Among those named in the indictment handed down tonight by a Fulton County grand jury looking into the APS cheating scandal is former school chief Beverly Hall.
Hall and 34 others were indicted as a result of their alleged roles in the 2009 cheating scandal that toppled her regime, sullied the district’s reputation and raised doubts about testing integrity nationwide.
In the indictments, there was only one count of racketeering, which carries up to 20 years in prison. But the alleged acts of false statements and writings, influencing a witness, theft by taking were the underlying crimes that supported the racketeering charge.
Out of 65 counts, one was racketeering, two were influencing a witness, five were theft by taking and the remaining counts concerned the crime of making false statements or writings.
The cheating discovered by the AJC in Atlanta has since been uncovered in many other school districts around the country.
According to the AJC:
Former Atlanta school Superintendent Beverly Hall was the leader of a corrupt organization that used students’ test scores to earn bonuses if they rose or intimidation and termination if they fell, according to a 65-count indictment returned Friday.
Grand jurors have been meeting for months, sorting out the Atlanta Public Schools cheating scandal, and on Friday they made clear their outrage at what they had been hearing by setting a bond of $7.5 million for Hall. She and the other 34 indicted – all for racketeering – have until Tuesday to surrender. They reached a decision after 45 minutes of deliberation.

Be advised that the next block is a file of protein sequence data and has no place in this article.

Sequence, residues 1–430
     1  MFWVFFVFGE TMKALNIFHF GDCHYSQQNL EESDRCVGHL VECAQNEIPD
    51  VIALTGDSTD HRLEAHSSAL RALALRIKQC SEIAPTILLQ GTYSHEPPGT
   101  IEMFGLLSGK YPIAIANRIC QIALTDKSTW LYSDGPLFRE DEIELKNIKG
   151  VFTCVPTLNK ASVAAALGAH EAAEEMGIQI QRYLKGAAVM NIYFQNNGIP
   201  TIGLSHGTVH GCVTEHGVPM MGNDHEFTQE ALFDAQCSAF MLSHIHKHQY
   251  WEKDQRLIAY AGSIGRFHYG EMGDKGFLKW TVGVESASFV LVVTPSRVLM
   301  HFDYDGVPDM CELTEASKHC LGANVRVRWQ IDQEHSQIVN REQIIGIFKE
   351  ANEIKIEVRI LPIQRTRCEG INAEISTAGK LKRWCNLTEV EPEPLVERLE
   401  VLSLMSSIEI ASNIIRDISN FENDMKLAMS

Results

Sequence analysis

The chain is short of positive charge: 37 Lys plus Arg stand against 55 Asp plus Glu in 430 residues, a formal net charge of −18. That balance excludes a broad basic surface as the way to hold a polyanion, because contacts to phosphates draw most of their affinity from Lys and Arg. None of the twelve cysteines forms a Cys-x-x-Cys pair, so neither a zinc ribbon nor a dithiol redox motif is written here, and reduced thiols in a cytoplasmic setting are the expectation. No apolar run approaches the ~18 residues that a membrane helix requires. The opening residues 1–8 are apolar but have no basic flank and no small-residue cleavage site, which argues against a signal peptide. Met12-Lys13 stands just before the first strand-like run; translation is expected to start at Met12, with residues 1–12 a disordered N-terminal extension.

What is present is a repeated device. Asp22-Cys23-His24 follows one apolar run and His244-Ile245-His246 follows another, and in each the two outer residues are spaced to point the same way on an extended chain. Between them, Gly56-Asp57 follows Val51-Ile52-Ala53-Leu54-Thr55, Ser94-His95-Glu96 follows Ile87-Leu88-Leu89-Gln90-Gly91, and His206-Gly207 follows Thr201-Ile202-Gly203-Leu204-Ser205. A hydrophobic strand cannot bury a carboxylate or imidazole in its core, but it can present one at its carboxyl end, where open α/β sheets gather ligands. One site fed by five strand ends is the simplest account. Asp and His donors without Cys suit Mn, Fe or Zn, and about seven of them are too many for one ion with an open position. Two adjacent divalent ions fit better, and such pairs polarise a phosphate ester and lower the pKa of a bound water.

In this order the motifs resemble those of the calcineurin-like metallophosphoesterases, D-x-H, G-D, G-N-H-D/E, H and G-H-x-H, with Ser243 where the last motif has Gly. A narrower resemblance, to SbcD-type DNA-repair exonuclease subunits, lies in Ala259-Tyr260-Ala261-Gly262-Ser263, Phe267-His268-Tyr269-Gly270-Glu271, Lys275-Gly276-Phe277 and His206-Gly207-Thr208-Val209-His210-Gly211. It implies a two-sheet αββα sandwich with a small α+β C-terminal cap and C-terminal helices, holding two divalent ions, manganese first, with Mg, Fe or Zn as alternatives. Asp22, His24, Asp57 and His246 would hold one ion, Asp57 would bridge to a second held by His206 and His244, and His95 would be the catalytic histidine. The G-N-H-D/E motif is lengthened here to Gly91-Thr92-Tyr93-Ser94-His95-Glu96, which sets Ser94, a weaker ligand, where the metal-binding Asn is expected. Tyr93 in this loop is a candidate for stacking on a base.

“The whole purpose behind this is to vindicate the little children who got gypped out of a quality education,” said former Attorney General Michael Bowers, one of three investigators who produced the report that was the blueprint for the grand jury and the final witness to testify before the grand jurors voted.
The indictment says Hall and the other 34 named “conspired” to make the school district look like it was more successful than it was.
The 90-page indictment says Hall put pressure on subordinates to reach goals on standardized tests. “APS principals and teachers were frequently told by Beverly Hall and her subordinates that excuses for not meeting targets would not be tolerated,” states the indictment.
Those indicted included 13 teachers, one secretary, at least six principals, two assistant principals and seven testing testing coordinators.
Along with Hall, four other top administrators were charged. Among the names in the indictment were Milicent Few, head of human resources; Tamara Cotman, area director; Christopher Waller, principal of Parks Middle School where seven educators confessed to cheating, and five others were implicated; and former area superintendent Michael Pitts. Kathy Augustine, the deputy superintendent for most of Hall’s tenure, was not among the 35.
So how does someone go from being national Superintendent of the Year, consulting with Bill Gates and Arne Duncan, to criminal indictment? That question will be considered by many people in the next few days. I suspect that a test-driven culture in which a school’s worth is solely predicated on test scores will be among the reasons offered.
But there were also the ego boosts that came from leading a district that did well on tests. National and international attention is heaped on education systems that outperform others. Monetary awards were only part of it; there was also glory of being considered a savant, a leader among leaders.
–From Maureen Downey, the AJC Get Schooled blog